An era - a golden time when the boys of Silicon Valley could do whatever they wanted, whenever it suited them - is coming to an end. And the failing health of Apple CEO Steve Jobs is a poignant metaphor for its passing. That's one reason why the conversations about his fate are so emotionally charged - even among strangers.
Jobs is clearly fighting a serious illness. Whether he is winning and will return to run the company he founded, saved and launched into an entirely new line of business is open to debate and speculation - and there's been plenty of that. It seems unlikely not necessarily because Jobs is mortally ill but because his illness has sapped so very much of his raw physical presence. He may have to - belatedly it seems - face the fact that his life-saving surgery for some sort of pancreatic cancer, in fact, altered his life. Like all of us, he is mortal.
And, like all of us, he and the company he runs are being told they must obey the law. The Securities and Exchange Commission has expressed an interest in the timing of news and announcements about Jobs' health and, like many inquiries the commission launches, it may mean nothing. Except that they're paying attention.
And this, my friends, this is the end.
You see, Silicon Valley has skated along quite nicely, thank you, without a whole lot of regard for the government. This was in no small part because the government had little interest in Silicon Valley. Throughout the 1980s and 1990s, enormous fortunes were made by a small group of very well-connected insiders who invested in small start-ups, took those companies public and reaped the rewards. It was a glorious and wonderful time. It gave us The Internet. And the Internet has changed our lives. And yes, that accomplishment should be rewarded.
But there was a fair amount of cheating as you might expect when a small group of very smart people realize that they can game a complex and seemingly opaque system because the rules haven't quite caught up them. The cheating and the attitude about cheating ("everybody does it") was - and to some extent is still - the problem.
When I worked as a business columnist for one of the local papers here in Silicon Valley, it was understood that the SEC simply didn't have the resources to evaluate, check or even investigation suspicions about public offerings made by tech companies. It was taken for granted that the cautionary statements included in the boilerplate in the SEC documents were sufficient to warn investors. After that, the market would measure whether a company was succeeding or failing and investors would react accordingly. You buy the stock, you take a risk. End of conversation.
The market, many said, was the ultimate arbitrator. Insiders - start-up CEOs, venture capitalists, seed investors - couldn't help it if the market raised stocks to 10 or 20 times the pre-IPO value. They couldn't restrain the public's appetite for these shares; the market made their stock, purchased for pennies, worth dollars. That was just the way things were and everybody understood it. When the tech bubble had collapsed, a lot of people who had believe the promise of the Internet lost a lot of money but in the end, the SEC shrugged. The market had prevailed.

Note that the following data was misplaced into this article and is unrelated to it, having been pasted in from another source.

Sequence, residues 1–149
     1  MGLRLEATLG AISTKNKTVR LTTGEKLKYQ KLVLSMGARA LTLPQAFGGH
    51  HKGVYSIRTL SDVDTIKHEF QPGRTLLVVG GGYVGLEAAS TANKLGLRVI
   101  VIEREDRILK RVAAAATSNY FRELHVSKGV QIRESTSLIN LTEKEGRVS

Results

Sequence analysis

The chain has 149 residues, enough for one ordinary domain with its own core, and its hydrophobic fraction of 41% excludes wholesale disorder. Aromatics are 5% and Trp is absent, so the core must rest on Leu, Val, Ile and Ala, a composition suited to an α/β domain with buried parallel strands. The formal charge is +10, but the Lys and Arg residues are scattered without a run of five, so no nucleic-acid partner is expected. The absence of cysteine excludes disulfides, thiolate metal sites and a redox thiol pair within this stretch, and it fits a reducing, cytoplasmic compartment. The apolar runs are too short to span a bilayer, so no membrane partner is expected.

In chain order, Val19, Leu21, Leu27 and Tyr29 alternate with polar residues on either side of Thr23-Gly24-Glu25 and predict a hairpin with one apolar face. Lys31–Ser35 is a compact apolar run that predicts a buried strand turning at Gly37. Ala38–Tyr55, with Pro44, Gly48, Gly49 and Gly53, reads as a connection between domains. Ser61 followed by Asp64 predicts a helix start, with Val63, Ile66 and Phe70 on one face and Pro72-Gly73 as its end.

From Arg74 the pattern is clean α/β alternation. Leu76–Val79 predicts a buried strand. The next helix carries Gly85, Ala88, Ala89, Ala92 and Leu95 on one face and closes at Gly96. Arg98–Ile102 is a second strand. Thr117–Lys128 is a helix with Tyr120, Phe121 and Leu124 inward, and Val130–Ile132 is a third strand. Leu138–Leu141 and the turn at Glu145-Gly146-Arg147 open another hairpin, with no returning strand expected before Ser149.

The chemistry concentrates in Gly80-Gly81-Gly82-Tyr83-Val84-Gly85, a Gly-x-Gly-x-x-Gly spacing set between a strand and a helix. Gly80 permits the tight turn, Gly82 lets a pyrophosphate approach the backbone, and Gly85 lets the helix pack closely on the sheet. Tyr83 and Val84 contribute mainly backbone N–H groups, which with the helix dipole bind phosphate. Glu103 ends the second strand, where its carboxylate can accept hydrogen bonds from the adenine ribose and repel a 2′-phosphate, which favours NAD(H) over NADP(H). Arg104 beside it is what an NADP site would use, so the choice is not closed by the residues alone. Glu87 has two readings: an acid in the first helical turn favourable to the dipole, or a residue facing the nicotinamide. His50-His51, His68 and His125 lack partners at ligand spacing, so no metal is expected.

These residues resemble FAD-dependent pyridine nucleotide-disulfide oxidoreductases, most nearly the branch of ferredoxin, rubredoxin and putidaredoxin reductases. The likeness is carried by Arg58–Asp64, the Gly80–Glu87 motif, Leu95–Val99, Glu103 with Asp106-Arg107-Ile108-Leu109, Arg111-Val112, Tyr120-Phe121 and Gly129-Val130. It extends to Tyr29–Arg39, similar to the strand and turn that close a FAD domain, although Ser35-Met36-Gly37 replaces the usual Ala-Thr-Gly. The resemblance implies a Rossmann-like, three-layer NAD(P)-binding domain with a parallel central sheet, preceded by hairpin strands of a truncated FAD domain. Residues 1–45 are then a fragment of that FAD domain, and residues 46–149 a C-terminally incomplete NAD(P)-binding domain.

Well, a few million home foreclosures later (everybody, it seems, was also lying on their mortgage applications) and the government is not shrugging anymore. The days of regulatory oversight are coming to the valley. Which is why Jobs failing health is such an apt metaphor. I'm not predicting the death of innovation or the wholesale regulation of the venture capital business but I won't be surprised at all to see the idea floated. Some venture funds hold hundreds of millions of dollars from their limited partners, unions, pension funds and public university endowments. Besides, it's been clear for some time that the practices of the banks that the valley depends on for its paydays - those multi-million dollar trips to the stock market known as public offerings - are going to be tightly overseen, regulated and controlled.
Like it or not, like Apple's ailing CEO, tech companies born and bred in Silicon Valley are going to have to answer a lot of tough questions. Their privacy - which is really nothing more than their sense that they and only they know what's best - is going to have to become a bit less opaque. Their firms are going to have to run cleaner; their investors are going to have to disclose more. Total control - the ability to ignore or worse, bully, the government - is gone.
As painful as it is to see him so frail and ill, Steve Jobs, raised in the anything-goes atmosphere of the valley is in sickness, as he was in health, the embodiment of the place and it's thinking. That's one reason why so many are fixated on his health; why no one will let him alone. There is often no tangible reward for those who are smarter better or faster; for some things there is no inside track, and in the end, we all face the same fate.
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